The end of the Cold War marked a change in how we look at the causes of democratization, but it also marked a rise in international efforts to support democratization in other countries.
Democracy promotion does not refer to foreign efforts to install a new government in a country through either covert or overt means. I’m not talking about US recognition of Venezuela opposition leader Juan Guaido as its president and efforts to install him; I’m also not talking about “democratization by imposition” – installing democratic institutions in a country after it is defeated militarily. This worked well in Europe and Japan after WWII, but with more mixed results in Afghanistan and Iraq.
So what is democracy promotion? This generally refers to international support for civil society development in other countries. The U.S., Canada, and European Union all fund these activities. In the United States, USAID, the Department of State, and the National Endowment for Democracy all support civil society abroad.
Assistance programs cover a little bit of everything. There are four broad categories of aid:
- Elections. Through NGOs like IFES, the International Federation of Election Systems, international agencies support the drafting and passage of more transparent election legislation, technology to support fair vote counts (like e-voting), and training for international and domestic election monitors who can issue reports on the quality of elections. The United States also supports political party development through the National Democratic Institute and International Republican Institute, which are affiliated with the Democratic and Republican parties (but don’t promote a partisan agenda abroad). NDI tends to focus on training parties in things like data management, fundraising, and door-to-door campaigning, while IRI traditionally focuses on commissioning opinion polls prior to elections and training parties how to use them. Both are required to provide support to any political party who requests it – they do not support particular parties or candidates in elections.
- Civil Society. A wide variety of organizations support civil society, which includes media and labor unions. This includes training in financial management and legal advocacy, providing digital platforms for civil society organizations to use, and professional training for journalists and labor organizers. A recent trend has been civic education — training civil society organizations to promote a civic culture by educating the public on the importance of voting and fighting corruption.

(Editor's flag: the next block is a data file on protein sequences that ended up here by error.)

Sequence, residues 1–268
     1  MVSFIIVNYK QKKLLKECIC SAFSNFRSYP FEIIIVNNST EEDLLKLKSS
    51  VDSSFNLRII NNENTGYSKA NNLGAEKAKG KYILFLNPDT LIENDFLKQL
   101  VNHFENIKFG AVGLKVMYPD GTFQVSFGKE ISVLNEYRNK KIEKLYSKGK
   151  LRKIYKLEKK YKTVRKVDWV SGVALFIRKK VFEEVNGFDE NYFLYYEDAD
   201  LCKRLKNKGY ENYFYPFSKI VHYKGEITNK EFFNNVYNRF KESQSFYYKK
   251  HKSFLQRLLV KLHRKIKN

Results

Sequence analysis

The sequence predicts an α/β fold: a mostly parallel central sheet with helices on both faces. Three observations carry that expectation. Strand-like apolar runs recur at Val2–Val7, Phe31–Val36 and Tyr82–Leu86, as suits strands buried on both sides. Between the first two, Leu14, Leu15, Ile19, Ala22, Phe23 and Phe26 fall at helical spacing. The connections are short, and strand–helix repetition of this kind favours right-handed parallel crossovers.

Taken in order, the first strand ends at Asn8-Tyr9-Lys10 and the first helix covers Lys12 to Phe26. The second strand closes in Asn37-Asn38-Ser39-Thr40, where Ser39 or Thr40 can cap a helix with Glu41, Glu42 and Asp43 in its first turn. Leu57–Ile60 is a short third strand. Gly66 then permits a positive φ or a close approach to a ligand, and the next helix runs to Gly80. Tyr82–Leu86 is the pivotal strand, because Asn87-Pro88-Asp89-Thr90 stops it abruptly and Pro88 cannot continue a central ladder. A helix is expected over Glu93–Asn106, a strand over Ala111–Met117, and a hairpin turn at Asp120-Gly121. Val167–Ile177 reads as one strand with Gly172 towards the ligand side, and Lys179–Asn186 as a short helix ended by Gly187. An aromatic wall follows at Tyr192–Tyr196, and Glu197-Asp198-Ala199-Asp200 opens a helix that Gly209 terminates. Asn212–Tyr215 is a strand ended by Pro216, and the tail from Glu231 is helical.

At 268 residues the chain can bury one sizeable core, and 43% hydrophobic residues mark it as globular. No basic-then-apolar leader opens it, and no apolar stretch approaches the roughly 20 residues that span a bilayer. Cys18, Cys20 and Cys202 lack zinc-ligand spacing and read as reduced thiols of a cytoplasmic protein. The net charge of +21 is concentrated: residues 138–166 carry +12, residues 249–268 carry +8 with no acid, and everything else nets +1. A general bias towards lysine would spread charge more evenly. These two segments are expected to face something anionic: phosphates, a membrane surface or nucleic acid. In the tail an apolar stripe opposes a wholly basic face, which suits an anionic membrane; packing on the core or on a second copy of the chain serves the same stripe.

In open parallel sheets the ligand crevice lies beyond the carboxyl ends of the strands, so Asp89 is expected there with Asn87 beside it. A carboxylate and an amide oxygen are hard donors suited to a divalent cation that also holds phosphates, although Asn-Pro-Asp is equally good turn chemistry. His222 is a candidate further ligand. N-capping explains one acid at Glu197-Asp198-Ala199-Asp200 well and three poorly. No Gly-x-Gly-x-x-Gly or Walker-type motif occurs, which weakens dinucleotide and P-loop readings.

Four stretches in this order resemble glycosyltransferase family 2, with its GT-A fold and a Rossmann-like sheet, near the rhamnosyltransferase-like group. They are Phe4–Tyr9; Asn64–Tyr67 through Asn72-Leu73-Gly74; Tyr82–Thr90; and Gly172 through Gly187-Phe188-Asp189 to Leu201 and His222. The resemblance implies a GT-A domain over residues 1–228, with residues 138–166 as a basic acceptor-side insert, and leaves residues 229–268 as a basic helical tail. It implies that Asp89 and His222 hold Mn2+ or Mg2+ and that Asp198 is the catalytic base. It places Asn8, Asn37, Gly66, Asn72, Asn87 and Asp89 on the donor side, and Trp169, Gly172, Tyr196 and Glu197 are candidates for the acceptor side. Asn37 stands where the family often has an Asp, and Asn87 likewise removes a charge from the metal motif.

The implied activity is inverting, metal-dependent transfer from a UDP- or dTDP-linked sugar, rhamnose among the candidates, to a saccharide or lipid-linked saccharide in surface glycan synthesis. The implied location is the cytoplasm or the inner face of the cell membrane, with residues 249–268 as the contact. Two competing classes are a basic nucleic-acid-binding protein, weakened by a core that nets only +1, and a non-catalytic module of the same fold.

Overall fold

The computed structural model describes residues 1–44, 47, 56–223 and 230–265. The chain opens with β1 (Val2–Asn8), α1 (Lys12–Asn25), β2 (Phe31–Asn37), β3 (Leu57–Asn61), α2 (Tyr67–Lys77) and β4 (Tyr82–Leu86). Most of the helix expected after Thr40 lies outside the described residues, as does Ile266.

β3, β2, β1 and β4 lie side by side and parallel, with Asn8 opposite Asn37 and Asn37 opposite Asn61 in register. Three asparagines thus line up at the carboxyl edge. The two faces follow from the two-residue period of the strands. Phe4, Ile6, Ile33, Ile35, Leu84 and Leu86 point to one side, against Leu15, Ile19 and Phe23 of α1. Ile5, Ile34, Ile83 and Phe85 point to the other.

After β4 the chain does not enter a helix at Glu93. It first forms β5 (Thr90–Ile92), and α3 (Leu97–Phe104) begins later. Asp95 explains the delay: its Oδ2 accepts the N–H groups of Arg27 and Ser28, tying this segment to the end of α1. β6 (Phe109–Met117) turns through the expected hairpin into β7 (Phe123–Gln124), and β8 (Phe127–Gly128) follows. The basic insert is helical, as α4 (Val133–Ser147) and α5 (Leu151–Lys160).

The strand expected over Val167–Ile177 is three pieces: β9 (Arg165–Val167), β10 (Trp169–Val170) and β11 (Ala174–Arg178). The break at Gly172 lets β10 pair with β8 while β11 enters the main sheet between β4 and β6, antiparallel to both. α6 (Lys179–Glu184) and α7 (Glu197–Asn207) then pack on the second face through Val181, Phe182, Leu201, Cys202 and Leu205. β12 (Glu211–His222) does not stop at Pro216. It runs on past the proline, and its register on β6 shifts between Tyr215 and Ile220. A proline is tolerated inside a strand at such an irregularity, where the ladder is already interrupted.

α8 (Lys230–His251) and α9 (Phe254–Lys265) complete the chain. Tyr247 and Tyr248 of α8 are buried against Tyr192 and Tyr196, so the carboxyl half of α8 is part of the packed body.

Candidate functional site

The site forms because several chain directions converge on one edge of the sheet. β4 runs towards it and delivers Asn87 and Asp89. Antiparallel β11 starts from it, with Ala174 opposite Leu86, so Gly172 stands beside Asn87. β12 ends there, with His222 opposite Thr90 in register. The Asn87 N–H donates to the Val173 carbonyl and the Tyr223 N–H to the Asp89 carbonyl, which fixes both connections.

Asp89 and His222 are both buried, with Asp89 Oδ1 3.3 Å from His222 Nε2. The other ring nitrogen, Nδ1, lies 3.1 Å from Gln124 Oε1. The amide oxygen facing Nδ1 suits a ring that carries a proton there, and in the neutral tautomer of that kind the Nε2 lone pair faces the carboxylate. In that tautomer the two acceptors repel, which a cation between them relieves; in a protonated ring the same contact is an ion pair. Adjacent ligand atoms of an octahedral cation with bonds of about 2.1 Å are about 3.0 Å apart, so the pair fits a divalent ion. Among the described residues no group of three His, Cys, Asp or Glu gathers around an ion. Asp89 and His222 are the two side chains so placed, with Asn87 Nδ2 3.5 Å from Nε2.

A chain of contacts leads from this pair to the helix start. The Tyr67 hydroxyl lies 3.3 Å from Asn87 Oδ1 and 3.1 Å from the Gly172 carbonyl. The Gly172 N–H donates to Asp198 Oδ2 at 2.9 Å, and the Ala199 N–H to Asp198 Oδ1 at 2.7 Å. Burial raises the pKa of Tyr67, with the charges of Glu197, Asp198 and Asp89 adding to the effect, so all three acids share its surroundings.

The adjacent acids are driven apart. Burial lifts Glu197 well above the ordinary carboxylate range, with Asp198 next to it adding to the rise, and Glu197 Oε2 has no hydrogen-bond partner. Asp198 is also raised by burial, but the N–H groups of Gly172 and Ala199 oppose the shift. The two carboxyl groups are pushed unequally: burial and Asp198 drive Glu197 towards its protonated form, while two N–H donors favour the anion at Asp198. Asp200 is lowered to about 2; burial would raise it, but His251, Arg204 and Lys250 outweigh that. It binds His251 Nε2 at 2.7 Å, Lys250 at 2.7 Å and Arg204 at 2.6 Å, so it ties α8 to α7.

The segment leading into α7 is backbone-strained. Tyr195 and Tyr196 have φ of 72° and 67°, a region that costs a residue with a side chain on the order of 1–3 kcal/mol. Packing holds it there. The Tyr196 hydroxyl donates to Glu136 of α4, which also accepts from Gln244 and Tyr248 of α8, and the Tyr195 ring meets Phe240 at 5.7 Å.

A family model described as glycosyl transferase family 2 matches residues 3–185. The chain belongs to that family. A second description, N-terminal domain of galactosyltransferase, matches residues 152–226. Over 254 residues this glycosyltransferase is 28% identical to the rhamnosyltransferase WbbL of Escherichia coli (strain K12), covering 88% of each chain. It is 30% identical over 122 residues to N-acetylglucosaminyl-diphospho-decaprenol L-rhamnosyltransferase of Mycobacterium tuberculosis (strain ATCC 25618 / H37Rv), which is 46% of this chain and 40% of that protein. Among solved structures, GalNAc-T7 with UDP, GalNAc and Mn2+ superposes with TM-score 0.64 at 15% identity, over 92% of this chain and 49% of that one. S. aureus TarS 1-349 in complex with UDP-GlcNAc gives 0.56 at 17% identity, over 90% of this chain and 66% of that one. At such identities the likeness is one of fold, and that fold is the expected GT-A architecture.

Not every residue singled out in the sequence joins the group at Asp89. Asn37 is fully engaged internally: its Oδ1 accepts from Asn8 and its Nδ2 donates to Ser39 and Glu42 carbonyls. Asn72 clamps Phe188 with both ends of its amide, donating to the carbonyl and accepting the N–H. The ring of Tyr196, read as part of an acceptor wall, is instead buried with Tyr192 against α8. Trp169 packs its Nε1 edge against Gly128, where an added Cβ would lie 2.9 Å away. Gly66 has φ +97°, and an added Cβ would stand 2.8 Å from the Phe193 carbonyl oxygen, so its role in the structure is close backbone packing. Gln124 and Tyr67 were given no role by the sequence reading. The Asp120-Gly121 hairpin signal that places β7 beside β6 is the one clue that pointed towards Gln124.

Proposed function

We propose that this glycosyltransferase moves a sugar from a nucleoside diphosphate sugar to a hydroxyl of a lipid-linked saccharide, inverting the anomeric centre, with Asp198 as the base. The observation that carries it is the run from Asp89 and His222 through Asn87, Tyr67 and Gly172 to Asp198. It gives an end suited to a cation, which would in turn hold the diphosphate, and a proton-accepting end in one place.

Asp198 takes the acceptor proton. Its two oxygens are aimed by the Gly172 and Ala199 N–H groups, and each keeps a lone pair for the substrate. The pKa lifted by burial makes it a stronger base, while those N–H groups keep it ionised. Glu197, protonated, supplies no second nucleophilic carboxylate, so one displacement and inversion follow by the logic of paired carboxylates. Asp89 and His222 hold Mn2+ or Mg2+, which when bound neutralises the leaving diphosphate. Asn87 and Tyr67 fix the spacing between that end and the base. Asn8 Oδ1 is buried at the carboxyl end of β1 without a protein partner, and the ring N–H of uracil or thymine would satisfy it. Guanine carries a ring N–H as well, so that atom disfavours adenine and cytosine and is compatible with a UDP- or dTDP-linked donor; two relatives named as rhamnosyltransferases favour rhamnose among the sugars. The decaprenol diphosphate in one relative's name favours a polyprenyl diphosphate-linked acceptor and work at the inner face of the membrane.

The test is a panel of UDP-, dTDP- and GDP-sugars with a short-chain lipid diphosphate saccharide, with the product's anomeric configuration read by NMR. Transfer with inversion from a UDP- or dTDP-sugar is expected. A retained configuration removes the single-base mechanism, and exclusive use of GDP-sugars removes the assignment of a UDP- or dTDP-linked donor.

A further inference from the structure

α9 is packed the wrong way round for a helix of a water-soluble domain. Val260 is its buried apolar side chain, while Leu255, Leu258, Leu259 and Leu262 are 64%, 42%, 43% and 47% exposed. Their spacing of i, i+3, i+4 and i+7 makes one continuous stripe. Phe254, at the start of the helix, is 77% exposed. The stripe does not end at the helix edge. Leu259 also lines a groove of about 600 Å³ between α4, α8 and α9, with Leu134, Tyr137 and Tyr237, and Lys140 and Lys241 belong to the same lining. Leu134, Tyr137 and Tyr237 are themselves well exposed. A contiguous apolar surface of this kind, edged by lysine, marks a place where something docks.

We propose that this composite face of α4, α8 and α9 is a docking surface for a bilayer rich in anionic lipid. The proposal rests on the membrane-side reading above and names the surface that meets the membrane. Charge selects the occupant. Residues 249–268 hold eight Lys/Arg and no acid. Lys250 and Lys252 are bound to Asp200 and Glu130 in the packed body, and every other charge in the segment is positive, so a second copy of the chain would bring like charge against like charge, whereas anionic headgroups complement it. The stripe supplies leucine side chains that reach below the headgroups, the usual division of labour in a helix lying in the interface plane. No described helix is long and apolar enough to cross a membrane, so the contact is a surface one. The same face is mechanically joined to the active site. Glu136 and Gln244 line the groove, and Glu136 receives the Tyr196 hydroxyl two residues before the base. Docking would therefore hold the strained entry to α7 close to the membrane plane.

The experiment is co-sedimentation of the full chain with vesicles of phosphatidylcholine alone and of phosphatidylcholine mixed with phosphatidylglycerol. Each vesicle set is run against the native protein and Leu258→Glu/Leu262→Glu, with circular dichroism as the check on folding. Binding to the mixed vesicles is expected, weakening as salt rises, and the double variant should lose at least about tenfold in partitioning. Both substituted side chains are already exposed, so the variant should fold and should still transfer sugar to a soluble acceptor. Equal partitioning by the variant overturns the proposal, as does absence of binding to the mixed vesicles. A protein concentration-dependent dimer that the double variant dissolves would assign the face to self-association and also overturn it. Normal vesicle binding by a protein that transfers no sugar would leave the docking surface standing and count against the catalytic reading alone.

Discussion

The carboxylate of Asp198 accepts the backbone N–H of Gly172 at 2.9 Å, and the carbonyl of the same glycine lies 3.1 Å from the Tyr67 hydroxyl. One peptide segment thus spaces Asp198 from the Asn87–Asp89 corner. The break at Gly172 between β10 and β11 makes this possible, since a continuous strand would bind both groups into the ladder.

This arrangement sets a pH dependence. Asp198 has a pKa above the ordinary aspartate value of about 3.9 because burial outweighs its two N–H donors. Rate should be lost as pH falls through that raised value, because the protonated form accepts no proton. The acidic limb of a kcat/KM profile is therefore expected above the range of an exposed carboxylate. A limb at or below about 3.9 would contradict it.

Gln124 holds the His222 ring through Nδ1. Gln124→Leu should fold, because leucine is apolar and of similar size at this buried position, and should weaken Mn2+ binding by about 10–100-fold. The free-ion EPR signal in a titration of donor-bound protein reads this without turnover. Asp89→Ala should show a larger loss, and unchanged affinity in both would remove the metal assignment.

- Human Rights. Government assistance focuses on training security services on international human rights norms and practices as well as supporting legal aid for victims of abuse and truth and reconciliation commissions in post-conflict countries.
- Rule of Law. International programs support anti-corruption efforts, legislative training, and e-government initiatives around the world.
Do they actually work? The record is pretty mixed. Little cross-national statistical evidence supports the idea that increasing funding for these activities leads to improvements in political rights in a country – most studies show no effect. That is not really surprising – these efforts involve relatively small amounts of money on relatively marginal activities. Successful NGOs need strong financial management practices (amongst other things), but those do not determine whether a country becomes democratic or not.
These programs can also generate a strong negative reaction from host governments. Democracy promotion efforts by the Open Society Foundation – funded by Hungarian-American philanthropist George Soros – are the subject of anti-Semetic conspiracy theories in many countries and have come under particular attack in his home country, where President Orban pushed through legislation limited the ability of NGOs to operate. Dictators like Vladimir Putin and Iran’s Supreme Leader frequently decry democracy promotion as illegal interference in the internal affairs of their countries and use it to justify arrests of dissidents and propaganda directed against the U.S. elections.
There are times, though, when democratic promotion activities have made a really significant contribution to democratic transitions. The best example of this was the 2000 transition in Serbia, when the opposition movement Otpor used an IRI-funded opinion poll to demonstrate that its presidential candidate won the election. Opposition leaders and outside observers both found this to be a critical element of building public support for protests and the removal of Slobodan Milosevic. Another relative “success story” is democracy assistance to Burma, where funding provided a lifeline to civil society – allowing to maintain some activities while under severe repression and keep a basic organization together while their leaders were under arrest.
And that is probably the best way to think about democracy promotion aid – something that can keep hope for democracy alive under the worst circumstances and that can provide tools to be used when an opportunity to do so arises.
Democracy, by its very nature, is something that citizens of a country have to choose for themselves – other countries can’t give it to you. Building a stable democracy is also the work of decades, not a few years. Assistance programs cannot build that with a few million dollars. They must be careful to “do no harm” – they should not provoke a backlash worse than the initial repression – but can help citizens push for reform of their political systems when opportunities for change arise.